• Scope 2 emissions – Indirect GHG emissions from purchased electricity, steam, heat, and cooling
  • Scope 3 emissions – All other GHG emissions associated with a company’s activities. Scope 3 is split up into 15 categories: 

Upstream emissions-producing activities (everything to produce your product)

  • Goods and services you purchase
  • Capital goods (like buildings, machinery, tools to make your product)
  • How materials are transported and distributed to your manufacturing facility
  • Waste generated in day-to-day operations
  • Business travel
  • Employee commutes
  • Leased assets

Downstream emissions-producing activities (everything to consume your product)

  • How your product gets to your customers via transportation and distribution
  • Processing of sold products
  • Use of sold products
  • Disposal or recycling of sold products
  • Franchises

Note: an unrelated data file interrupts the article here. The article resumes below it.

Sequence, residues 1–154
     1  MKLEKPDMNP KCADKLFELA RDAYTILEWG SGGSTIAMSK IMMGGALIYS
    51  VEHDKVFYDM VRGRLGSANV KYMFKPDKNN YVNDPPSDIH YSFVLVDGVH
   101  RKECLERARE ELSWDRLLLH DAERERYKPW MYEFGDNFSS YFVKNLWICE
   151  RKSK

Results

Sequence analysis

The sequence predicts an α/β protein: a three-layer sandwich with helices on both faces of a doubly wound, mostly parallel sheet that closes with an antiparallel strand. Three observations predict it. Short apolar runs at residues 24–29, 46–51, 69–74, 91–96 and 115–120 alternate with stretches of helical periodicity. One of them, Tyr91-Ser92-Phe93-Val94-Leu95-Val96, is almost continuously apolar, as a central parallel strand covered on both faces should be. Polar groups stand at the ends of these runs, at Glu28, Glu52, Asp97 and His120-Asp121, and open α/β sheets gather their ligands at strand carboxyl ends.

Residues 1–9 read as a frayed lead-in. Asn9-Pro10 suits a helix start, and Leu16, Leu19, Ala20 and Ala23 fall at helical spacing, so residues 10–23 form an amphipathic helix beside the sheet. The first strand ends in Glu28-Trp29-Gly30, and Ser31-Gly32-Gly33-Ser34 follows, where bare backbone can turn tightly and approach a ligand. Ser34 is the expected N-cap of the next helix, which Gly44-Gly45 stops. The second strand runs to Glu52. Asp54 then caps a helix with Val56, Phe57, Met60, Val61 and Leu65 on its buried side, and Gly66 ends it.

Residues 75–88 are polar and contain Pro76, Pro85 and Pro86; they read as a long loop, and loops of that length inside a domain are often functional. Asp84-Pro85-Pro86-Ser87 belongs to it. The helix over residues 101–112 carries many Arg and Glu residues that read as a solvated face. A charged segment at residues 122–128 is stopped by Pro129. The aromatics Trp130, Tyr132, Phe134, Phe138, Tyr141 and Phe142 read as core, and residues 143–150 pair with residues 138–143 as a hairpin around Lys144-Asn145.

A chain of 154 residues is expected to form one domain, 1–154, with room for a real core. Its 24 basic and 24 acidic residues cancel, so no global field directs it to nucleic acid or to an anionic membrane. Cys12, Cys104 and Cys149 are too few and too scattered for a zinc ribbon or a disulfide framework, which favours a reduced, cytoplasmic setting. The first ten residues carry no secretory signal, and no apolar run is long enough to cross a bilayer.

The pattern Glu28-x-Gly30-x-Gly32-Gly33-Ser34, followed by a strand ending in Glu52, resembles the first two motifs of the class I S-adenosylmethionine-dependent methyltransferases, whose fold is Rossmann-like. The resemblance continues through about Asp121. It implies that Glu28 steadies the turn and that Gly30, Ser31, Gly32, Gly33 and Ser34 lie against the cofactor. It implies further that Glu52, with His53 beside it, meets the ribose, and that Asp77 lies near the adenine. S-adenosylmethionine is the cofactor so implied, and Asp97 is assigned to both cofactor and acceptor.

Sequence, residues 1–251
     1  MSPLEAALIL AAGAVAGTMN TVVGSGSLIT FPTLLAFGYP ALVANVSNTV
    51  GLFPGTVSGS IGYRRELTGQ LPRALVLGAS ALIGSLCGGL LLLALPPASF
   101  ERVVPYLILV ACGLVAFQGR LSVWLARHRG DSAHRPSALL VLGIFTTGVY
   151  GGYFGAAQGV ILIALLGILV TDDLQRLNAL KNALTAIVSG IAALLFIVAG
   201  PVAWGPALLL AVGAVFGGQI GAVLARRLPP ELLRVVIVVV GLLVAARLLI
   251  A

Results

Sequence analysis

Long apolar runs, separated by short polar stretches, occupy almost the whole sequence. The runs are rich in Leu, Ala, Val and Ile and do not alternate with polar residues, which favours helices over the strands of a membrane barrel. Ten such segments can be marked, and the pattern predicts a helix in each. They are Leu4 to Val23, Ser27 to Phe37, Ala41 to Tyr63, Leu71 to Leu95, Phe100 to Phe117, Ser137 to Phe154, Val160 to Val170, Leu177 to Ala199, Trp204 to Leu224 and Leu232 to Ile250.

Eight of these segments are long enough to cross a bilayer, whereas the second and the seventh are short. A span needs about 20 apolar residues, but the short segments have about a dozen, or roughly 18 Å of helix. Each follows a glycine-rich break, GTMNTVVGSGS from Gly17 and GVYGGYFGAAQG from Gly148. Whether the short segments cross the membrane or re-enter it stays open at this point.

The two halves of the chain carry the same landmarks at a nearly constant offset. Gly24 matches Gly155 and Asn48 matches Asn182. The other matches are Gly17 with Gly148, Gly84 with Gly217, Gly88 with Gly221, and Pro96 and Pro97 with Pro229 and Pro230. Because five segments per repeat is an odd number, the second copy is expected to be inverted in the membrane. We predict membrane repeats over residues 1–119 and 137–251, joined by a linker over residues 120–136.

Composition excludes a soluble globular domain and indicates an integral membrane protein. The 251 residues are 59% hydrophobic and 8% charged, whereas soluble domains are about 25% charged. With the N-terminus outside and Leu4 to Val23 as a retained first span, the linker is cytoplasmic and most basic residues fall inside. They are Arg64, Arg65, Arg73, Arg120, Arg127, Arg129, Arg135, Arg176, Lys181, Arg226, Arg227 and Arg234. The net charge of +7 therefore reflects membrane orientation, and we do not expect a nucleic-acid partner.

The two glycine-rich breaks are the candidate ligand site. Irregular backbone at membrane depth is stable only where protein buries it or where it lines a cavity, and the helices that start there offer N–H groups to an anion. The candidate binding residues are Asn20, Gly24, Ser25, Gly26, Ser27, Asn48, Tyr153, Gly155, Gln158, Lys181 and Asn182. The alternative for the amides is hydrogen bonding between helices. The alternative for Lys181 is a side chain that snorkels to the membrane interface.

• Investments

Measuring scope 1 and scope 2 emissions may be challenging the first time, but internal data collection improves with practice. Scope 3 emissions—which account for 80%–90% of a business’s total greenhouse gas emissions—pose a much greater operational hurdle to measure due to their complex and far-reaching nature.

Here, the best practice is to start with your direct scope 1 emissions and then work your way to your scope 2 emissions, which are indirect and related to energy-consuming activities, and from there to scope 3, which represents all activities throughout your value chain. Scope 1 data, for example, covers any fuel—such as natural gas, gasoline or diesel—your company directly burns in its operations and is often recorded from bills. Scope 2 data reflects energy your organization purchases, which is generated elsewhere, for example, electricity, chilled water for cooling, heating, and steam.

In simple cases, tracking scope 2 can be as easy as reviewing your utility bills or submetered consumption data; however, if you don’t own the assets you occupy or use, you may need proration from the property manager who controls the building’s energy systems and data.

Getting to know emissions reductions targets whitepaper